An interesting study was cited today on msnbc.com, where scientists at University of Washington warn consumers about the vulnerabilities our household robots may suffer and what kind of situations that might pose to their masters (think iRobot). I was contacted by the article’s author, Diane Mapes, to discuss the likelyhood of our household robots revolting against us. I tend to think that it’s highly doubtful you’d find yourself being vacuumed to death by your Roomba.

But what our conversation did entertain was the idea that one could take control and/or reprogram your vacuuming robot with a malicious content. It was quite an interesting and enjoyable conversation; there’s a spectrum of motives and possibilities.  Take a closer look here.

So what do you think? Any Roomba or Spykee owners feeling a little exposed? Is it really something we should be concerned about? Or shall we continue opening up our families to robotic additions?



Open Source LabVIEW Code: The RoBoard RB-100 November 3, 2009

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This tasty chunk of code comes from the RoboSavvy Forum, a great place for hobbyist and robotics enthusiasts to find low-cost robotics kits, materials and information.

Mr. Richard van der Wolf from the Netherlands created his own open-source RoBoIO library in LabVIEW, which allows you to communicate with and control the Roboard RB-100. This board is compatible with several robot kits that are already out there, including the Kondo Humanoid Robot (KHR), Hitec’s Robonova, the Robotis Bioloid and Robobuilder. In addition, if you build your own hardware platform from scratch, you have plenty of communication standard options to choose from. You can find all the info you would need on the board’s hardware here, on the RoboSavvy site.

And here’s Mr. van der Wolf’s LabVIEW code (man, I wish my name was cool like that): http://www.roboard.com/labview/Labview_RoBoIOv15b.zip

If you run into any issues, I suggest you hit up this forum thread, as it’s specific to the LabVIEW files for the RB-100. Thanks RoboSavvy!

Some robot funnies October 26, 2009

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Compliments of one of my favorite web comic strip sites (that caters specifically to geeks like me), xkcd.com.

Are you a robot?

Are you a robot?

The Terminator, perhaps more accurate.

NXT AlphaRex: Meet Spykee from ERECTOR August 12, 2009

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I first heard about this from Christian Loew, one of NI’s Systems Engineers for FPGA and CompactRIO, when he tweeted this morning about a new robot kit, released from ERECTOR, called Spykee.

Spykee is, fittingly, a spy robot, equipped with treadded rubber tracks, speaker, microphone, webcam and a WiFi card, making it a pretty interesting robot “toy.” Using the WiFi connection, you can use Spykee to make free calls on the Internet; it’s Skype 3.0 compatible. You can also use that same WiFi connection to broadcast the video taken from the onboard webcam. Hence, Spykee could make an interesting surviellance robot, perhaps even a useful pet-sitter?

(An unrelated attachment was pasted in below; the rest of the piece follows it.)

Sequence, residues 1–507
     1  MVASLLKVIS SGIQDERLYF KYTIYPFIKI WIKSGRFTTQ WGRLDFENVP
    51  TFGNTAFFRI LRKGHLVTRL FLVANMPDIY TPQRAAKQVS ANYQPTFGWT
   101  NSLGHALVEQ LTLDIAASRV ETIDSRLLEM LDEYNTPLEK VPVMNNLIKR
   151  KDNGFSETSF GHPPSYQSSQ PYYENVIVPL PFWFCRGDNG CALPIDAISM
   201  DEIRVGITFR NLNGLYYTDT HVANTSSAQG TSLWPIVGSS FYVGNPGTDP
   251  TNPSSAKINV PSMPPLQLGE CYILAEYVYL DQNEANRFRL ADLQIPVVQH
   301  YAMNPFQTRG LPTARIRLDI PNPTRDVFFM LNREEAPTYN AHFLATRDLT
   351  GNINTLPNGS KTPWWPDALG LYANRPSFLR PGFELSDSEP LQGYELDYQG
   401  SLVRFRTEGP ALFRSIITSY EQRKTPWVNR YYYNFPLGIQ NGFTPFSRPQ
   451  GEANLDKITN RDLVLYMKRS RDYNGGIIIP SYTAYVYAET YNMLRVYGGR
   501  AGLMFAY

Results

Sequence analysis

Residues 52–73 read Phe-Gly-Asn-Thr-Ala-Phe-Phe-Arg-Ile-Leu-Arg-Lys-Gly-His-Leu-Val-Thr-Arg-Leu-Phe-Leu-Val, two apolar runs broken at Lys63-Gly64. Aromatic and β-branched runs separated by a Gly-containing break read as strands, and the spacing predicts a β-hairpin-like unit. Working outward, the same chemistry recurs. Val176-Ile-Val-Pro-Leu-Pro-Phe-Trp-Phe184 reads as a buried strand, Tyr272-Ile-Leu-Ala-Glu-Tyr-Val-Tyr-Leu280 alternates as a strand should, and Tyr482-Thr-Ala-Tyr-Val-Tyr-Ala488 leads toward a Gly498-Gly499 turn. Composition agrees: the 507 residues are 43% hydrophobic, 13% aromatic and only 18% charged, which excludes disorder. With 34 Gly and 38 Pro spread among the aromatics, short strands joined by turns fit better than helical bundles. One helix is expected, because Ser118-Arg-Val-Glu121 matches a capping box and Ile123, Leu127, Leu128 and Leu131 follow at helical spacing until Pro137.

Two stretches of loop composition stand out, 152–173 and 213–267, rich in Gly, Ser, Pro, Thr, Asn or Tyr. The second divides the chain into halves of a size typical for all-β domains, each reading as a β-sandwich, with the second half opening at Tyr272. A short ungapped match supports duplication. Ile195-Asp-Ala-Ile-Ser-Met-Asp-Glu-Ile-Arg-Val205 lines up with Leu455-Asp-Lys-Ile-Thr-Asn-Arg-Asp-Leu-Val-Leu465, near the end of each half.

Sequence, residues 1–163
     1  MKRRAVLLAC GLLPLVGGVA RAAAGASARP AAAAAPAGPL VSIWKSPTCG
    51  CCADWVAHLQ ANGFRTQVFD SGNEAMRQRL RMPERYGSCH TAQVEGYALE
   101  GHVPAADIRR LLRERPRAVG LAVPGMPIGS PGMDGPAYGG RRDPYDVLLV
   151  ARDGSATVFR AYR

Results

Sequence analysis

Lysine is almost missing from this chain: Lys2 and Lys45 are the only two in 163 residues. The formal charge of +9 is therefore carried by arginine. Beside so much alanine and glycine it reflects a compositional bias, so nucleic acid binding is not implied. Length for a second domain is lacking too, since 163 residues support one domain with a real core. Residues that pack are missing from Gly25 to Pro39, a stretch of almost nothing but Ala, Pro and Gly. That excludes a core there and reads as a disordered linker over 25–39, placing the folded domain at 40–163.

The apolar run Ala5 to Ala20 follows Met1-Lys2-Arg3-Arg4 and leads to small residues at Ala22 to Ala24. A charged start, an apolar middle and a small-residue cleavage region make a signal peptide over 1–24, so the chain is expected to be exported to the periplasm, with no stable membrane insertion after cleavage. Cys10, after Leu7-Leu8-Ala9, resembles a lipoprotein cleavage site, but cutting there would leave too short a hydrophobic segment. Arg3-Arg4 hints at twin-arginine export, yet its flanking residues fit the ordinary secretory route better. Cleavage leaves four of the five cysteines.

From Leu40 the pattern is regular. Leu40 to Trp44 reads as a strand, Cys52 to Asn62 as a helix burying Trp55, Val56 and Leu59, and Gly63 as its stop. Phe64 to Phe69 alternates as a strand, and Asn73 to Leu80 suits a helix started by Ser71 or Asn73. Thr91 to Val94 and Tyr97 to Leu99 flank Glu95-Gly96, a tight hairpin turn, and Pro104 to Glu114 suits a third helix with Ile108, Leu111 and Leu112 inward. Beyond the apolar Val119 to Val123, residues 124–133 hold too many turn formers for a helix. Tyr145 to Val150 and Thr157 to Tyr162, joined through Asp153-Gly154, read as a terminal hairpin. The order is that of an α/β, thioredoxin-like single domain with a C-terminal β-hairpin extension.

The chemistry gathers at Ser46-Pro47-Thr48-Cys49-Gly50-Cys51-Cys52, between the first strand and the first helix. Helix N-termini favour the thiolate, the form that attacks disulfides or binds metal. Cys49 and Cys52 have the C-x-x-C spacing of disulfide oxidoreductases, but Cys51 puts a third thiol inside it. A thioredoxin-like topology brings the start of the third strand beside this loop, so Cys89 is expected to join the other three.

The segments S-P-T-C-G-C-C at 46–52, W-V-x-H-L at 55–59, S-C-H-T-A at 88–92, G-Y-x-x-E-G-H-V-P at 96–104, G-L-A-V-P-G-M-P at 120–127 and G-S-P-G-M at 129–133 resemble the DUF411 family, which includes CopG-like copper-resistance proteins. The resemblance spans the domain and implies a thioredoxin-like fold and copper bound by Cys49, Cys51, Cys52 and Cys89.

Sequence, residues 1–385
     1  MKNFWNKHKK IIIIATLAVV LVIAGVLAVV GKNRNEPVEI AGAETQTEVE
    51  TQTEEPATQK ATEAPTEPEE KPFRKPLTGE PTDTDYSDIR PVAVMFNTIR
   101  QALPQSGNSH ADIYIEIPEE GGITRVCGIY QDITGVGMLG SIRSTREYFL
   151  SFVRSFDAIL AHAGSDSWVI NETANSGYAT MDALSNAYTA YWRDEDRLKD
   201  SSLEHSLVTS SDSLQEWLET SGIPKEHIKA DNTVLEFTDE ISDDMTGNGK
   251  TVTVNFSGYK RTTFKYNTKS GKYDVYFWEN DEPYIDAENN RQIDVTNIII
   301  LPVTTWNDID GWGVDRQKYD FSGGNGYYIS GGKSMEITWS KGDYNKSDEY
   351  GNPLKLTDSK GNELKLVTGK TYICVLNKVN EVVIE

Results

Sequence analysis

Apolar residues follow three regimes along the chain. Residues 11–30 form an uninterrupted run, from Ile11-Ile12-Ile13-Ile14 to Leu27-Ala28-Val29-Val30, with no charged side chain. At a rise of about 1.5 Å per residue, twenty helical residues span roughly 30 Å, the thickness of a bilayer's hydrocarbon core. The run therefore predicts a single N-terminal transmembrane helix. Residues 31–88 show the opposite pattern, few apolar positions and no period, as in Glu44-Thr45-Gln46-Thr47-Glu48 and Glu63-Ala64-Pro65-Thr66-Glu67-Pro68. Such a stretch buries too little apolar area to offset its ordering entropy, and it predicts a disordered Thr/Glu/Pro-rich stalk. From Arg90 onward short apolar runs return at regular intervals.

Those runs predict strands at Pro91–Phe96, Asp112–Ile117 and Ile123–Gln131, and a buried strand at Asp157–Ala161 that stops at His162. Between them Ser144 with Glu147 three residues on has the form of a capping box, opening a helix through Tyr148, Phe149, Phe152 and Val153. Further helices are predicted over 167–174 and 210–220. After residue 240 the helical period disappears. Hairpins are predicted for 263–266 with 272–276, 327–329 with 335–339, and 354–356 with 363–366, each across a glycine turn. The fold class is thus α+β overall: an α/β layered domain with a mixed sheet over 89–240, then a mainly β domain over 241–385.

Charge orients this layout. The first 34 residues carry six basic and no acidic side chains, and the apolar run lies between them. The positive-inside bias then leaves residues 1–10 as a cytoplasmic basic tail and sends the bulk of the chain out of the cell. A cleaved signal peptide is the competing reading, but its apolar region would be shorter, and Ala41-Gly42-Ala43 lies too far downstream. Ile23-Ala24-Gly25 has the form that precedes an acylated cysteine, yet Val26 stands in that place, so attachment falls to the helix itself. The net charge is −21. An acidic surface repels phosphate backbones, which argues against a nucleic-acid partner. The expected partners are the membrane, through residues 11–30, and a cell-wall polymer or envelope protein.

The website claims you can build Spykee yourself, which I assume to mean you use ERECTOR set pieces to put him together. So then, ERECTOR releases a robot platform, equipped with WiFi and a webcam, a mobile-base and Machine Man Interface (or MMI) software, which is claimed to be available as open-source, so Do-It-Yourself-ers can potentially hack in and give Spykee a customized brain.

Sign me up.

However, I will say that ERECTOR’s Spykee is not nearly as flexible of a robot prototyping platform as the LEGO MINDSTORMS NXT. Sure you can use ERECTOR pieces to give Spykee his own unique shape and appearance. But there’s no actuation beyond the motors built into the treadded base platform. So he certainly won’t have any dexterity; i.e. you can’t actuate and/or control any of the erector pieces, only the movement of the treads. With the NXT, you have access to individual motors, which can then connect to the mechanical design built with your NXT pieces. Thus, your robot could walk or roll on wheels, whichever you choose.

On the software side, Spykee comes with MMI, which is a fancy UI you can use to connect to Skype, play your MP3 playlist and spy on your pets while you’re not home. However, it doesn’t look like there’s any built in programming environment for Spykee. Thus, if you want to give him his own brain, you’re going to have to get tricky and use some other, more-traditional programming language to make function calls from the alleged open-source MMI library.

And so far, ERECTOR hasn’t provided much detail on what they’re opening up for access on Spykee. Will I have access to the IR sensor that is used for auto-parking at the charging station? Am I going to have access to the processor for on-board control or will I have to use wireless TCP commands from a PC station? Better yet, what is the actual processor on Spykee? It doesn’t look like anybody knows yet (will we ever know?)

One thing I like about the NXT is that LEGO wants to make it as easily accessible as possible. You have direct access to all sensors and actuators. You also have a choice between running your customized program, using either NXT-G or the free LabVIEW NXT Toolkit, directly on the NXT brick (which I would add uses an ARM 7 processor) or controlling your robot via BlueTooth communication from a mission control PC, thus making it possible to use practically any programming language, including NXT-G, LabVIEW, MSRS, Java, C/C++, etc.

So as a quick, high-level review, the ERECTOR Spykee looks like it could be a formidable competitor to the LEGO MINDSTORMS NXT; the webcam and WiFi hardware make it particularly desirable. However, it’s still in it’s early stages of release and there is little known on how the functionality will be opened up for hacking. As such, for now I’m sticking to my NXT as a low-cost, robot prototyping platform.